Android Police

Editorials

225 articles
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Take Me Back, Baby: 3 Reasons I'm Staying With Android And Coming Back To Android Police

If you’ve been an Android Police fan for a while, you may recognize my name from some of my past posts. Beyond that, I was mostly active behind the scenes until I dropped this little bomb when I departed earlier this year.

The reaction to that article was pretty much what I expected - it was divisive and the conversation surrounding it was often heated. Ultimately, though, my goal was accomplished: people were talking about the problems surrounding Android and software updates.

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[Let's Discuss] How's This For A Paid Game/App Model? Play For 10 Hours And Permanently Disable All Ads ("180" From Headcase Games)

Paid app models have always been fascinating to me - I've even had a TODO sitting around in my post ideas list to explore various methods of distributing software without inundating users too much. Pro features, time trials, disabling ads for money, in-app key unlocks, lite versions, paid-only ones without trials - these are all on the list and all have their pluses and minuses.

This new idea, however, is so radical, brilliant, and crazy compared to the rest that I think it might just work, and I'd like to run it by you to see if I'm not alone.

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Editorial: Motorola XOOM Sales Estimated At 100,000 So Far - Does It Really Matter?

motorola-xoom-tablet

 

No doubt you've seen at least one mention of the 100,000-XOOM sales figure somewhere on the web today - and for me, it has reached the point of mild annoyance. From this number, all sorts of wild extrapolations and theories are being tossed around about Motorola's future, Android's future, and the viability of tablets in an Apple-dominated market.

Boy Genius Report took a step back, and presented a level-headed but clearly pro-XOOM take on the news:

So, according to Deutsche Bank, Motorola has sold 100,000 XOOM tablets in less than a month and a half, which is an average of over 75,000 units per month.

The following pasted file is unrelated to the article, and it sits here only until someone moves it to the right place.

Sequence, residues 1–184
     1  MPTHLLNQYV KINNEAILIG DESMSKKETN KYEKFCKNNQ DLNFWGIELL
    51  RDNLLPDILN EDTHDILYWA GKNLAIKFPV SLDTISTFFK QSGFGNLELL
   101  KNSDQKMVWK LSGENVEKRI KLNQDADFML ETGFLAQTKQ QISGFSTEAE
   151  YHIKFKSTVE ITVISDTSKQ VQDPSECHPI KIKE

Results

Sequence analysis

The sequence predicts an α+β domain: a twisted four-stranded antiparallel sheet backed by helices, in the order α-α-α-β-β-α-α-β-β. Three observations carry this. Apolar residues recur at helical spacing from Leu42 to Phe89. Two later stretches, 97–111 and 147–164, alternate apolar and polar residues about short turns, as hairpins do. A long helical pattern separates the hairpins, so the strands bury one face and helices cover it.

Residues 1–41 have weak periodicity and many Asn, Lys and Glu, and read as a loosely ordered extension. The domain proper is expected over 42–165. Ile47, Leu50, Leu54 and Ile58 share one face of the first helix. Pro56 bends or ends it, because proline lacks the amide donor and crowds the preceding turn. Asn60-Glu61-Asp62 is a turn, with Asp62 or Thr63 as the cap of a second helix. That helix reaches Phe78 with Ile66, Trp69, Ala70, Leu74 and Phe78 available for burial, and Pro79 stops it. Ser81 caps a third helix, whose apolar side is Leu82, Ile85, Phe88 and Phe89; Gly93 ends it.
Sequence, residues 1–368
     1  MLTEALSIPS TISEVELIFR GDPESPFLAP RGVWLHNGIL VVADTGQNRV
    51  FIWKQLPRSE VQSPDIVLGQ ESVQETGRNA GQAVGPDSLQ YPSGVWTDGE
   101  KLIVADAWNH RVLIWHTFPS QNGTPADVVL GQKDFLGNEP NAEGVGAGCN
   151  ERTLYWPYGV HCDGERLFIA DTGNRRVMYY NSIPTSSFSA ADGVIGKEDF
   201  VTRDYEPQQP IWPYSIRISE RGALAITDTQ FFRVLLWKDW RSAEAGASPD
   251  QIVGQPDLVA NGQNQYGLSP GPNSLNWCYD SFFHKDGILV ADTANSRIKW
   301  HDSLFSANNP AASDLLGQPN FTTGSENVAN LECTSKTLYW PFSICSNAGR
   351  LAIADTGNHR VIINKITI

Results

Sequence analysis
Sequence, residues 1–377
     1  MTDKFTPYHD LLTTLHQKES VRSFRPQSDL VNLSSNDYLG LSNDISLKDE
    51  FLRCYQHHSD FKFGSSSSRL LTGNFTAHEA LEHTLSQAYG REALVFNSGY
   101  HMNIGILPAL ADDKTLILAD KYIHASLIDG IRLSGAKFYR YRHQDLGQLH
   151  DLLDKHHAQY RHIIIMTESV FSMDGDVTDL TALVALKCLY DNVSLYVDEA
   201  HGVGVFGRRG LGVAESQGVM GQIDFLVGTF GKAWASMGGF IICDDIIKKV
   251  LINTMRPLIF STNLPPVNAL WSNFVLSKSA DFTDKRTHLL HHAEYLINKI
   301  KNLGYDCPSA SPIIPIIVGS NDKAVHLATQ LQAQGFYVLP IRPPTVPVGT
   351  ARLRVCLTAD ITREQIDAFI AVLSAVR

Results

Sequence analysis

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Google Bids Almost $1 Billion On Patent Portfolio To Protect Android, Chrome

Well, not solely for Android and Chrome - but presumably those products are the headliners affected by this patent bid. Google is currently bidding on a collection of over 6,000 patents held by Nortel Networks, which is selling the portfolio as part of bankruptcy proceedings. Google tossed its name in the hat with an initial offering of $900,000,000 - not exactly chump change.

Many of the patents relate to wireless technology (such as LTE) and data networking, but undoubtedly Google found some of them to be in the particular interest of protecting Android and Chrome, as Google's General Counsel indicted on the company's blog.

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Verizon's 4G LTE Up To 10 Times Faster Than Sprint's WiMAX 4G, Says Independent Testing

An independent test conducted by a research firm in New York City comparing the speeds of Verizon's and Sprint's respective 4G networks has made at least one thing clear: Big Red owns the Big Apple. After conducting over 1000 individual network speed tests in various locations throughout the city, BTIG Research tallied up the averages, and it's not a pretty picture for Sprint:

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The connections were tethered through an HTC Thunderbolt and an HTC EVO 4G, respectively

You're seeing that right - Verizon's 4G LTE is averaging a whopping 10.3Mbps (down) when on a laptop tethered to an HTC Thunderbolt, while the EVO 4G barely eeks out 1.6.